If you are ever traveling up the East Coast and want a beautiful and quaint
place to bird -  I would recommend Block Island, 12 miles off the coast of
Rhode Island.  I just returned from a family vacation there (yes, we were
book-ended by both Hurricane Bill and Tropical Storm Danny - but neither
caused a problem), and was able to work in a little birding.   The island is
further off the coast, but in between Long Island and Nantucket.   Only has
900 year around residents (population swells during tourist season); has no
chain hotels or restaurants (but a Starbucks and Ben & Jerry's), several
historic hotels and many B&Bs and summer rental homes provide lodging.
During settlement times, almost all trees were cleared for farming and short
rock walls were hand-built to define the acreage.  Today the rock walls are
protected and really add character to the island - since 1980 a huge
conservation effort has resulted in  43% of the land now owned and protected
by conservation groups.  Most vegetation is thick, compressed,
berry-producing bushes and vines - catbirds, waxwings, and robins galore!
In fact, we picked enough blackberries in our "yard" to make a cobbler for


I had been monitoring the Rhode Island list-serve and communicating with Tom
Margarian, staff with Cape May but stationed on Block Island for a radar
research project.  He agreed to take me out one morning in exchange for a
donation to the conservancy effort --- a fair trade indeed.  I had hoped for
two lifers but he got me an unexpected four -  Roseate Tern, Great
Cormorant, Common Eider and Saltmarsh Sharp-tailed Sparrow (did they drop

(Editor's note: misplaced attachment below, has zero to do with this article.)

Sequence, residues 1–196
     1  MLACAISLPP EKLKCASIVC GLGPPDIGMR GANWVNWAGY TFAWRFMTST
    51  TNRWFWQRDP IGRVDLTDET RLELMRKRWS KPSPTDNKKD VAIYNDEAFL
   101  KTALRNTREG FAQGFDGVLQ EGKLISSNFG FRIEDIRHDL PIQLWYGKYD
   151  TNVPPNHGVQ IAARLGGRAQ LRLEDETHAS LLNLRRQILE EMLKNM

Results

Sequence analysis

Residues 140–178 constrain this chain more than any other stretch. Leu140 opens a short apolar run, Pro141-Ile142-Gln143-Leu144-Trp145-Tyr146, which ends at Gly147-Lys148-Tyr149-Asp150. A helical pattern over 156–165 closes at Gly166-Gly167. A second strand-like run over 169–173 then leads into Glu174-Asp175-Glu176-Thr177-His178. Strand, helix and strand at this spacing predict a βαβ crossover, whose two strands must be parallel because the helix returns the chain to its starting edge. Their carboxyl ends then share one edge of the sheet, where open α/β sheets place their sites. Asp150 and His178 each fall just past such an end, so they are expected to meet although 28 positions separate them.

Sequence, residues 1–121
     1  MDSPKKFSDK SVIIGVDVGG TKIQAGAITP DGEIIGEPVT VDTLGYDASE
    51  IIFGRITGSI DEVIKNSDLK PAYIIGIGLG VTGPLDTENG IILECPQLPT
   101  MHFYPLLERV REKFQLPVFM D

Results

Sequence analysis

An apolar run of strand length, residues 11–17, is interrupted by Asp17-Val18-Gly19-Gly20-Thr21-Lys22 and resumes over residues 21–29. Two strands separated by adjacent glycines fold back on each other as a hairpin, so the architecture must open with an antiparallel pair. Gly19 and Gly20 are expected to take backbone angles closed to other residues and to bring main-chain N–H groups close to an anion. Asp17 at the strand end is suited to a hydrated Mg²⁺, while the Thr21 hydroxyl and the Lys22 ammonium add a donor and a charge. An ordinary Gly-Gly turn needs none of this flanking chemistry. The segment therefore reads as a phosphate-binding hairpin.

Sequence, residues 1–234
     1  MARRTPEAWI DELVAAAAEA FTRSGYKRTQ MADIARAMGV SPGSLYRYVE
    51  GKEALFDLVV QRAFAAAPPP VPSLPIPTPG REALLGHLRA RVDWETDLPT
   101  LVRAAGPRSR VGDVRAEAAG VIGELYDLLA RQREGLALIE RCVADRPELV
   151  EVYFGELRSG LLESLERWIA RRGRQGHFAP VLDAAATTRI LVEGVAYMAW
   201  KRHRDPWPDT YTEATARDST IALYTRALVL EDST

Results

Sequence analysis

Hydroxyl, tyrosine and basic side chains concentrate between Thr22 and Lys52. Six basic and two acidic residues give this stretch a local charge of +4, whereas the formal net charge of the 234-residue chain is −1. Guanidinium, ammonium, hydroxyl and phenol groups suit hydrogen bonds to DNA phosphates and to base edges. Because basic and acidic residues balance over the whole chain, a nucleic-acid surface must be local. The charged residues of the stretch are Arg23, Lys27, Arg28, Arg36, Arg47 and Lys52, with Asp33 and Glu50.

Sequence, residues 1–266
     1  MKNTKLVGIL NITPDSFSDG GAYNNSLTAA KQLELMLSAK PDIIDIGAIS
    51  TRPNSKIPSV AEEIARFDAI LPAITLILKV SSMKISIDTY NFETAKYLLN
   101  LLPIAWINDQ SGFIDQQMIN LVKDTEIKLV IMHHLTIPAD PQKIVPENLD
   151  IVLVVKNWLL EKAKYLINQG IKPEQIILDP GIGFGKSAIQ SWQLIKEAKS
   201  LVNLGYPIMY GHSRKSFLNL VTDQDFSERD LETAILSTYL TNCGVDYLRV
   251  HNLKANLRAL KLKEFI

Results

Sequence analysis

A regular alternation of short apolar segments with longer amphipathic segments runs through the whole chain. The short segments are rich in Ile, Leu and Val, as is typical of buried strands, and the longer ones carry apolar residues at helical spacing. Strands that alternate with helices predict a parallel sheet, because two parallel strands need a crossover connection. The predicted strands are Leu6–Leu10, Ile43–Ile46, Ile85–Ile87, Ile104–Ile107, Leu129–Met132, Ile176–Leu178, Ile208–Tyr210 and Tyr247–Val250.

that "sharp tailed" designation also?).   There were several hundred Common
Terns with a few Roseate's interspersed.   Mudflats at low tide in the Great
Salt Pond also contained Ruddy Turnstones, Willets,  Oystercatchers, and Red
Knot.  He also gave me a good tour of where seabird watches take place, and
the best spots for warblers during migration. Great birder and gentleman.


Most trails throughout the conservation areas are open to the public.


I missed the shearwater migration by about 3 weeks; but still saw some
Wilson Storm-petrels and a Gannet in the ferry crossing.  And the warbler
migration is yet to come, but I had a very enjoyable birding experience.
Chris from the Nature Conservancy is a year-round resident and really
intrigued me about a winter visit - he said their Christmas Bird Count
regularly reports 80+ species, with lots of common eiders, and an occasional
murre, Dovekie, and Razorbill.   


Great beaches, sailing, surfing and boogie boarding; lots of clamming,  many
people biking or renting mopeds to get around - cars come over on the ferry,
no car rental available on island.  


Just a delightful place to visit; thought I would share in case anyone is
going that direction.


Jean Leonatti
Boone County, Columbia, MO
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